Do I regret the relationships they had with older people in lieu of geographically absent and disinterested grandparents ? No I don’t . I am so grateful for every kind, invested, generous and loving older member of our church congregation who gave my children a sense of belonging, of inter-generational family. When Finny would cry because his best friend had two doting and geographically close grandma’s and his grandma didn’t even visit when his baby sister was born, I could point out all the people who did visit. Who did care. Who did love him and lived close enough to show him so.  We formed those relationships through church, nurtured them through weekly attendance and miss them now. Those things were categorically good.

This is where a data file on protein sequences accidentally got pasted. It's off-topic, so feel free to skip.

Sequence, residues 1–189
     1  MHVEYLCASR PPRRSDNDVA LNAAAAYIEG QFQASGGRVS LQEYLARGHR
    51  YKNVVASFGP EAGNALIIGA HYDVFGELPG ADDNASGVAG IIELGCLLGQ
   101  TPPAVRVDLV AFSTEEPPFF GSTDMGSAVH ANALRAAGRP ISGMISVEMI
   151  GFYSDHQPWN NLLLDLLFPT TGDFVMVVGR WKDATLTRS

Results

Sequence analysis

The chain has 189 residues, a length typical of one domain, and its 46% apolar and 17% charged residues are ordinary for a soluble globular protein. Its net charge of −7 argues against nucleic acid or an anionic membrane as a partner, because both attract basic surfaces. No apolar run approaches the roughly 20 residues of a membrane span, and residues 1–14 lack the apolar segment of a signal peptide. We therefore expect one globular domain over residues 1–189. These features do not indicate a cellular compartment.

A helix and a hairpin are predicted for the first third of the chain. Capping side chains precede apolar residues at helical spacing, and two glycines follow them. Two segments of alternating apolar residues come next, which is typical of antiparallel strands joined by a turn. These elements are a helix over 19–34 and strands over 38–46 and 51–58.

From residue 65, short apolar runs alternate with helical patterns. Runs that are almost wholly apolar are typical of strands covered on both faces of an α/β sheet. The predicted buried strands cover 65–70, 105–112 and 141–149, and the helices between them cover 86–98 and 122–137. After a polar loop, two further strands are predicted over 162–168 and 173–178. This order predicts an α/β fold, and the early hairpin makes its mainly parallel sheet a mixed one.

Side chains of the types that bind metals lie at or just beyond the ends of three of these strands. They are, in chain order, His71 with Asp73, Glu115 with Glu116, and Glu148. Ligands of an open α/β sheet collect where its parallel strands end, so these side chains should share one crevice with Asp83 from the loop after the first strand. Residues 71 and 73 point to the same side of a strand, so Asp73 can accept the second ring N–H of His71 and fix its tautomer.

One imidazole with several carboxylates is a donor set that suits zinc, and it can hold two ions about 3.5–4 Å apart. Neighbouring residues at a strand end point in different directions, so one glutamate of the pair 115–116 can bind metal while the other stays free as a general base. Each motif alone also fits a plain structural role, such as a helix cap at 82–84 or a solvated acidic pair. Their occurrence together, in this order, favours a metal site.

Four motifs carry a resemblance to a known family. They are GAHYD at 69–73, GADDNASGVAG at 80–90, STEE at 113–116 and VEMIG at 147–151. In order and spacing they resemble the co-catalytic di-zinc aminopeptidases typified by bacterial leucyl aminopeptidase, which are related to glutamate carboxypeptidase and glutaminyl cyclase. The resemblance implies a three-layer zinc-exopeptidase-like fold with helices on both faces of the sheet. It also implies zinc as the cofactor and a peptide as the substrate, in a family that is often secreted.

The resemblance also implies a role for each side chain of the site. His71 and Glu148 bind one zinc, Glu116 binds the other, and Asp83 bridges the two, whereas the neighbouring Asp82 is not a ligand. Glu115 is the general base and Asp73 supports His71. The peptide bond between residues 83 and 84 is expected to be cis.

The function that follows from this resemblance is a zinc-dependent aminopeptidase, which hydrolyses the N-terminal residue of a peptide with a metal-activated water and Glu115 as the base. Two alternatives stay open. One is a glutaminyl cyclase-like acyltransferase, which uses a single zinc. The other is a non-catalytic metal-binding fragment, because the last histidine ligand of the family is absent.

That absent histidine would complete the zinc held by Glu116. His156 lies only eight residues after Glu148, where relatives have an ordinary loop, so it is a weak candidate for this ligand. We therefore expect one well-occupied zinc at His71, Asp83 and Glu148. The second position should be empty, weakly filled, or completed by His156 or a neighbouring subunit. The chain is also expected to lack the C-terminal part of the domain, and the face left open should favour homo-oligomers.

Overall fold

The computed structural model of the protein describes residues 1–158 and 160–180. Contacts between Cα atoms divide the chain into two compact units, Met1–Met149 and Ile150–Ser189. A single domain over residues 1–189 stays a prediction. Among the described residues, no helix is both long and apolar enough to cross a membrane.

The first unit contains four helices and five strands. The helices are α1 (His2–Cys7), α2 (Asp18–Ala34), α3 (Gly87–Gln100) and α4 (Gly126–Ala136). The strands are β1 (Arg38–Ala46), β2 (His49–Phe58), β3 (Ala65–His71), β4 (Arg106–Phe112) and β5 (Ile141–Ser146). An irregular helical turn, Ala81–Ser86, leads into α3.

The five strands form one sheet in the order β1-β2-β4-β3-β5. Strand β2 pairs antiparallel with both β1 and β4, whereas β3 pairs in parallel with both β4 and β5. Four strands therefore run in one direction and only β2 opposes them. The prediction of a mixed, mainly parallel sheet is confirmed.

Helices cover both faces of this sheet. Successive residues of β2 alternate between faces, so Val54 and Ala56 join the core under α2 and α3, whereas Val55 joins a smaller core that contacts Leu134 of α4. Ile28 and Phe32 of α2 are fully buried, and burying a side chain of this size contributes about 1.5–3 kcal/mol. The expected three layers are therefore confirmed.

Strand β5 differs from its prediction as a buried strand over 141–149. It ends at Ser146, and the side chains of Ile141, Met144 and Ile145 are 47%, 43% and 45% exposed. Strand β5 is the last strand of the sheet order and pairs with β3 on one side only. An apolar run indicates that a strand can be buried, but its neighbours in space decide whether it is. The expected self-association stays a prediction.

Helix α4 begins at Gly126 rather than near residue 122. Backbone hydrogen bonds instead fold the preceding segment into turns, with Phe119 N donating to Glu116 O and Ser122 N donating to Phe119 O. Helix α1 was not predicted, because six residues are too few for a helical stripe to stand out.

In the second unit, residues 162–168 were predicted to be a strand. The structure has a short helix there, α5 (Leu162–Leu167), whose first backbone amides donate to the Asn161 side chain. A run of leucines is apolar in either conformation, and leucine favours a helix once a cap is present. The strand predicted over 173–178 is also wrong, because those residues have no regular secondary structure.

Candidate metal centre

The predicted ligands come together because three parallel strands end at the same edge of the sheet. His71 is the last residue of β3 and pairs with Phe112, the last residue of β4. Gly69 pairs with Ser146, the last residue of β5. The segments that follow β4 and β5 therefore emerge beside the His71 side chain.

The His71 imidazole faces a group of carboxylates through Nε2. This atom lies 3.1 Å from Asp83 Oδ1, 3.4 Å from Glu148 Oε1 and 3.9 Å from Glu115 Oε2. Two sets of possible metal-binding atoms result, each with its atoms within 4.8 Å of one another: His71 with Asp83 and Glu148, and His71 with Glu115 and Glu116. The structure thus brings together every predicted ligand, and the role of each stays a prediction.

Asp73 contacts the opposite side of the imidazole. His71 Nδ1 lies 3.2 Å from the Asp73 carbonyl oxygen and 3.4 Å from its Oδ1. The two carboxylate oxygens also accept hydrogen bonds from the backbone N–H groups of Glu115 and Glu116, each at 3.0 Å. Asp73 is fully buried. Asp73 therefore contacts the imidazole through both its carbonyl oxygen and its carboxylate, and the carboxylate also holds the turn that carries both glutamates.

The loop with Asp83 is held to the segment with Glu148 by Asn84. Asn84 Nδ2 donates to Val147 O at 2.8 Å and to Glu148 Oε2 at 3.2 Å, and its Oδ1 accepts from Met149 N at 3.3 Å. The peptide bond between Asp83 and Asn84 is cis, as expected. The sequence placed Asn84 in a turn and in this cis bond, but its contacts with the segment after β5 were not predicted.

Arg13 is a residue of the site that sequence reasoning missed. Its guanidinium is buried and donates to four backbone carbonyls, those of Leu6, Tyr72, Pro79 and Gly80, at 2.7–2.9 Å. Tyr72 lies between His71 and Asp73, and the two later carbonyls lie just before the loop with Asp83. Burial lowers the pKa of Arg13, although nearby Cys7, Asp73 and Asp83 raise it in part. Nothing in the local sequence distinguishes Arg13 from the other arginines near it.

Would my children have been as well behaved, as driven, as responsible as kind to each other if we hadn’t based our parenting on the very specific frameworks set up within the LDS church designed to keep families in touch with each other, high achieving and focused on a common purpose? We were pretty good at playing the Mormon game, I won’t lie. And so I can’t honestly say. I don’t honestly know. I would like to believe that I would have been just as good and focused of a mom and I have a dreadful suspicion that I actually might have been a much better mom without all that pressure and with the assistance of coffee and the lack of permanent crippling guilt and strain of a hundred million expectations (as if raising 5 kids without any extended family assistance whatsoever, is not loaded enough). But I just cannot honestly say.  I see our non-Mormon friends and their happy successful families, their kind, high achieving children, and it’s hard to connect the dots from being a good Mo to having a good family, but truly. There is no way to know how it all might have turned out for us ours and since I feel really grateful for where we currently are as a family, I’m willing to give credit to the church if it’s due.